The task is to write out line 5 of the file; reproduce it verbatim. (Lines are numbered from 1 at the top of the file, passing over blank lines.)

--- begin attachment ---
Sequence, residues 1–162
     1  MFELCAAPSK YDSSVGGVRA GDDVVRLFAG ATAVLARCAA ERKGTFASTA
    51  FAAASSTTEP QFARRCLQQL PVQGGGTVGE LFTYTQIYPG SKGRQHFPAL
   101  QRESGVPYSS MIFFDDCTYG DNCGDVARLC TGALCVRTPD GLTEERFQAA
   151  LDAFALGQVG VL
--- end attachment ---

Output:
   151  LDAFALGQVG VL